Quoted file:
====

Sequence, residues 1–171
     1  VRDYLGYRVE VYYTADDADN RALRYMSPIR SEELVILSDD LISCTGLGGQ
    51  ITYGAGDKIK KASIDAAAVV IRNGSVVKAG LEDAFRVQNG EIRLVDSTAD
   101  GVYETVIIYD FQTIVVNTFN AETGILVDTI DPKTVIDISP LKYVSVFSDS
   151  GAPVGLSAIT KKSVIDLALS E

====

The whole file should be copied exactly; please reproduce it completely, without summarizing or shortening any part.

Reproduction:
Sequence, residues 1–171
     1  VRDYLGYRVE VYYTADDADN RALRYMSPIR SEELVILSDD LISCTGLGGQ
    51  ITYGAGDKIK KASIDAAAVV IRNGSVVKAG LEDAFRVQNG EIRLVDSTAD
   101  GVYETVIIYD FQTIVVNTFN AETGILVDTI DPKTVIDISP LKYVSVFSDS
   151  GAPVGLSAIT KKSVIDLALS E